CECL: Simply Complex in the Real World

By Michael Gullette

Here it comes!

After five years and five different proposals, the Financial Accounting Standards Board is set to issue a final Current Expected Credit Loss standard for impairment of loans and debt securities. With an effective date for fiscal year 2019 for SEC registrants and 2020 for all others, CECL is bound to make a big splash – but not necessarily in ways first anticipated. While estimates made by regulators in 2011 indicated that CECL would result in a 30-50 percent increase in the allowance for loan and lease losses, a recent KBW article believes the increase will be much lower, around 6-8 percent. So, it may not be the huge hit to capital that many feared, but it will be the jump in complexity that presents the biggest challenge to bankers.

While acknowledging that systems will need to be reconfigured in order to perform CECL’s life-of-loan loss estimates, both regulators and FASB members want a standard that is scalable to banks of all sizes, not requiring complex modeling. Anticipating CECL’s release, the Federal Reserve staff recently held an “Ask the Fed” webinar to show bankers how a vintage analysis (one that analyzes charge-offs by year of origination) may be used to estimate expected credit losses over the life of a loan portfolio. Presumably, this is a good example of a non-complex model.


Never mind that forecasts over a year in the future are notoriously unreliable, even those made by economists. The LOL concept introduced in CECL is an enormous change from current accounting and has potential complexities waiting at every turn. It is not the examiners, though, that that bankers should fear. In the real world, auditors, complying with their regulator (the Public Company Accounting Oversight Board), will require detailed documentation to support the specific financial impact of banker long-term forecasts of future losses. No shortcuts. No, Monte Carlo simulations will not be needed, and thirty-year forecasts will not be required. If this were 1995, it might not be a big deal; in this post-financial crisis age of too-little-too-late reserves, earnings management and Sarbanes-Oxley, however, quantifying such estimates will be a steep hill to climb for many bankers.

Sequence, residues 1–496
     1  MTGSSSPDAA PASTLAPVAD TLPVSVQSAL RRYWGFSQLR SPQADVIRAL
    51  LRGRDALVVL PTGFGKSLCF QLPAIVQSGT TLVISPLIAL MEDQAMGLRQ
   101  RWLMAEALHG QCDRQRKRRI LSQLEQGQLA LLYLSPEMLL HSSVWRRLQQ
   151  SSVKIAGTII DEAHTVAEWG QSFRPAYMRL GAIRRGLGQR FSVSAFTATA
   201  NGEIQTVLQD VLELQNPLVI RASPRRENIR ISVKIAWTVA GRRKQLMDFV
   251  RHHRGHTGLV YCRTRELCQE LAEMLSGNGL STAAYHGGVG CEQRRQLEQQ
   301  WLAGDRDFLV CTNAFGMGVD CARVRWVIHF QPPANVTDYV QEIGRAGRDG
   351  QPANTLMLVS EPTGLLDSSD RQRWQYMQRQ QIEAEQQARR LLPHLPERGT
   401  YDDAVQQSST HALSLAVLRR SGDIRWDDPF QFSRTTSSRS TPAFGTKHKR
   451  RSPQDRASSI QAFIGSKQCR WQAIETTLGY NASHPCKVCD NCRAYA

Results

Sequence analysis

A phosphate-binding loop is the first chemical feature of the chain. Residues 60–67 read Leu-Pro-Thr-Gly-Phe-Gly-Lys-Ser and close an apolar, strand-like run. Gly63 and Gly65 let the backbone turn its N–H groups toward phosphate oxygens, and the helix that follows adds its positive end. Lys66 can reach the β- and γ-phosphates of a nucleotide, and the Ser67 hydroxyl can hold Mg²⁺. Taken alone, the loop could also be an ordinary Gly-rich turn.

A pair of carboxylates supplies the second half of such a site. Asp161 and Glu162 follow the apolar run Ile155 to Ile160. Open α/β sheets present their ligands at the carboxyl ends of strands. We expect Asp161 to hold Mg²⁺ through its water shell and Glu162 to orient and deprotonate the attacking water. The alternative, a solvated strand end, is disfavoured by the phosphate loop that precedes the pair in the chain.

Forecasts of the future: Too hard for too long

During their webinar, the Fed staff presented historical life-of-loan charge-off rates per vintage. While different, this vintage approach seems straightforward – more work, yet straightforward nonetheless. The fine print is that these averages are merely the starting point – the real challenge is what bankers must do in order to arrive at an actual loss expectation during a real life audit. Current PCAOB inspections have auditors scrambling to obtain specific quantitative support for the so-called “Q factor” qualitative adjustments applied to historical loss rates. Justifying that the rise in local unemployment will result in a 10 basis point (bp) increase in losses (and not 20 bps) is an arduous task now, and it will get significantly harder under CECL. Q factors are currently used to adjust historical loss rates to reflect current conditions. Under CECL, they must reflect current conditions, as well as conditions a year from now, two years from now, and so on over several years. How will banks do that?